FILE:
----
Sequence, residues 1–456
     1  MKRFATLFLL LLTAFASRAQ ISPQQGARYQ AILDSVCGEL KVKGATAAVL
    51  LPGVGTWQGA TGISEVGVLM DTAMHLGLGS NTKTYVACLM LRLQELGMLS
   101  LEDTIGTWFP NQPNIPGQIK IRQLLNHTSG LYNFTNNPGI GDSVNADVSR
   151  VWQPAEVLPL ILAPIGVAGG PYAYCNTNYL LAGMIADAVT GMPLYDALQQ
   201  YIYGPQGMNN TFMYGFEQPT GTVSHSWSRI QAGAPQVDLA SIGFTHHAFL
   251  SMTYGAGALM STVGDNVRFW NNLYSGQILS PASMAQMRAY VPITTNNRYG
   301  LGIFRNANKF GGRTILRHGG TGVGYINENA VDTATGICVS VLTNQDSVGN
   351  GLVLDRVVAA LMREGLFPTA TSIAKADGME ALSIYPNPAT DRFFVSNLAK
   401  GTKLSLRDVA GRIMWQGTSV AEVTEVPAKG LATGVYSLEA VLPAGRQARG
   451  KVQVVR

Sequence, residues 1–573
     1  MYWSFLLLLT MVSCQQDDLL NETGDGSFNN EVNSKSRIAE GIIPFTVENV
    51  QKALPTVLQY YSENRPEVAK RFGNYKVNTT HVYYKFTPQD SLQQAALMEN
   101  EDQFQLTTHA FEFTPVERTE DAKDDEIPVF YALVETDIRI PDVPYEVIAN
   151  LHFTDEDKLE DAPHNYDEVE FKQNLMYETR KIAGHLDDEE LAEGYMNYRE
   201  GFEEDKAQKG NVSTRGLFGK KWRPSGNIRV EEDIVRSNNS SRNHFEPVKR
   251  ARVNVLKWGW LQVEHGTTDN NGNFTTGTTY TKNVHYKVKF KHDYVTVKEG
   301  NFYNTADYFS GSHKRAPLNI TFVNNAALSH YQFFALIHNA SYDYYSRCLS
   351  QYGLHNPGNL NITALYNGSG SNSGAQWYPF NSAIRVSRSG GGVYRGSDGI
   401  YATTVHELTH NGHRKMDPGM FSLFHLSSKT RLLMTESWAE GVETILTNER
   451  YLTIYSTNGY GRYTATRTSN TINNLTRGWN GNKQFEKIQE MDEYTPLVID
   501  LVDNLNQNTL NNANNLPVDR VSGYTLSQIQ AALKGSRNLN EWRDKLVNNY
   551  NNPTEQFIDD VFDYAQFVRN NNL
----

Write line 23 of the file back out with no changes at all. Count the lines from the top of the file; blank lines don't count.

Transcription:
   501  LVDNLNQNTL NNANNLPVDR VSGYTLSQIQ AALKGSRNLN EWRDKLVNNY